• Considering financial support:
    • Unless you are independently wealthy, you should apply for financial assistance from each institution to which you are applying. Financial assistance could come in several different forms including, but not limited to: Fellowships, Teaching Assistantships (T.A.), Research Assistantships (R.A.), and internships. Fellowships typically (but not always) provide a tuition waiver and a monthly stipend, with no requirement for the graduate student to work a designated position in the department. Essentially, fellowships allow you to focus full-time on being a student, and, therefore, are both the most desirable and the most difficult to obtain. More common are TA or RA positions, which usually come with tuition waivers and a small monthly stipend in exchange for teaching small sections of entry-level classes or providing research assistance to a faculty member. Within archival and public history programs, sometimes paid internships are available to off-set the costs of graduate school.
    • For Fellowships, TA and RA positions, institutions typically set a maximum number of years that students may hold said positions. Some require students to re-apply on an annual basis, while others guarantee a certain number of years (or semesters) of funding, provided that minimum requirements are met. In addition, these types of funding are normally first offered to students who will pursue a PhD, rather than just an MA, so if different options for degree pursuit are offered on an application form, make sure that you choose the PhD option if that is your end goal.
    • You should also investigate outside funding sources. Do not simply rely upon the graduate institution to provide support. There are numerous sources of funding for specific areas of study, types of students, ethnic background, etc. An investment of your time here can be very profitable to you later.
    • Many students do take out loans to complete graduate degrees. If you do choose this option, try to keep them to a minimum and to supplement your income with other forms of employment. Bear in mind that the number of graduates far exceeds the number of open positions.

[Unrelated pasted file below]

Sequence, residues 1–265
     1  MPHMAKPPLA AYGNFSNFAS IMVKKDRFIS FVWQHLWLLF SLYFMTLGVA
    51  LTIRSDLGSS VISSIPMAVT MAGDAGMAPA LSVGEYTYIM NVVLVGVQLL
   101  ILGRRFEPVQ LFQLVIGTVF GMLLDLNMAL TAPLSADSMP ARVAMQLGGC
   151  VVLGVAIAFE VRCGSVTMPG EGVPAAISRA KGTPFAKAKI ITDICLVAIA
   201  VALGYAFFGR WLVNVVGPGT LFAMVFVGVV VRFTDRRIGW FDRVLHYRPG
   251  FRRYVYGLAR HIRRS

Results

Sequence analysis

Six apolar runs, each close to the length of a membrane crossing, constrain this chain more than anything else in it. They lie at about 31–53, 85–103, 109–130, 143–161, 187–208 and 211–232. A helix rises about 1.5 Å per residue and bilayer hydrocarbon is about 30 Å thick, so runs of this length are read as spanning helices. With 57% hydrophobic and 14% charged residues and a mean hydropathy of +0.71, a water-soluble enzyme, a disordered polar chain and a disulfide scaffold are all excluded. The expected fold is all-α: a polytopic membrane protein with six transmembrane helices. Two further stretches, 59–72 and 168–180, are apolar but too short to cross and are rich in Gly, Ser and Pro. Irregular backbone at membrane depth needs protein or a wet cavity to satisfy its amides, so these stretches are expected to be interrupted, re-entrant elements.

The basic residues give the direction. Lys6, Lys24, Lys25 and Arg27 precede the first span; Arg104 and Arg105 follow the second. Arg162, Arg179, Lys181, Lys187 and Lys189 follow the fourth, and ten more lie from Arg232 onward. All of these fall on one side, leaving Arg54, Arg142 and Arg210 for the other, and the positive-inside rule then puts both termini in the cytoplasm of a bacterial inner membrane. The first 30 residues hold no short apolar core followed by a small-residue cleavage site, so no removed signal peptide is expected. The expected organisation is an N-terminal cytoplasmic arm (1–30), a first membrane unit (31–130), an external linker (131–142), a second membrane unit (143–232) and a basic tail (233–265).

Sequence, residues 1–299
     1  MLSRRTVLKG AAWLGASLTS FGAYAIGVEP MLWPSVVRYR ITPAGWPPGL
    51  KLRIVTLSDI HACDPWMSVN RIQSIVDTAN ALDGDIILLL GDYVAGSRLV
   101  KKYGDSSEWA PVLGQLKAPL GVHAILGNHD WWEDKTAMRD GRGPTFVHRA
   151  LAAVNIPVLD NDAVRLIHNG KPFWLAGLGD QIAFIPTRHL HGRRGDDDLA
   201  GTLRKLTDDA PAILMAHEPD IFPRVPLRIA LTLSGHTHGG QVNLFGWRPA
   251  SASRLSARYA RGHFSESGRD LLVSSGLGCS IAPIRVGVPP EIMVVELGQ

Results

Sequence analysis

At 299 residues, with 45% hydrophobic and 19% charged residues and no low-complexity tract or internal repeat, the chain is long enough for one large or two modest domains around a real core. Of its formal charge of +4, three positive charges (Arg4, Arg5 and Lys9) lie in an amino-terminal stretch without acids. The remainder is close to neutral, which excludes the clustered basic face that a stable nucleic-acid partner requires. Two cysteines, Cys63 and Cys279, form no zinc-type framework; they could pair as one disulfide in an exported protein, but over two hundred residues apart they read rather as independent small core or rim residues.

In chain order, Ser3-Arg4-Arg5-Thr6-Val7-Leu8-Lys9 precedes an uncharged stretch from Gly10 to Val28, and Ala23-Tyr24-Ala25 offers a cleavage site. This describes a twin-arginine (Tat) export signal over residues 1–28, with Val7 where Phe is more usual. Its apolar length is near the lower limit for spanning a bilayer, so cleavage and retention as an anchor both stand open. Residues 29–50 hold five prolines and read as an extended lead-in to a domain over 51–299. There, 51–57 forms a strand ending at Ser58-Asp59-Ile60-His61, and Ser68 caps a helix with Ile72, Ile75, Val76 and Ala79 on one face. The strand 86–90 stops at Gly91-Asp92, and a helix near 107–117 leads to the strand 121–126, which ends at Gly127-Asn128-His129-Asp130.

• Visiting the campus:
    Once you have been accepted to a program (or programs), make sure that you visit. Meet with your prospective advisor(s) and get a feel for how they interact with their graduate students. Meet or exchange emails/phone calls with current graduate students, both of the graduate institution and those that have worked with or are currently working with your prospective advisor. Ask for their frank appraisal of the program, how it supports its graduate students and how it provides opportunities for both graduate student teaching and research. You will be spending between two and ten years with your faculty advisor and in this particular program. Be sure you feel comfortable with and fully understand the program.

3. What is the G.R.E. and how important is it?

  • Part of the application process will be the taking of the Graduate Record Examination (G.R.E.), information about which is available on-line (http://www.gre.org) and in Career Services. Many institutions will specify minimum scores required to gain admission. The format of the test includes a written section, for which your classes in our department should have well-prepared you. However, other sections of the exam include mathematics and verbal/vocabulary testing in a multiple choice format. We would strongly recommend purchasing a guide to the G.R.E., studying for it, and taking many sample tests prior to taking the exam in order to familiarize yourself with its patterns and types of questions. You can take the current, computerized form of the G.R.E. in numerous locations on a date of your choosing; consult the above website for details.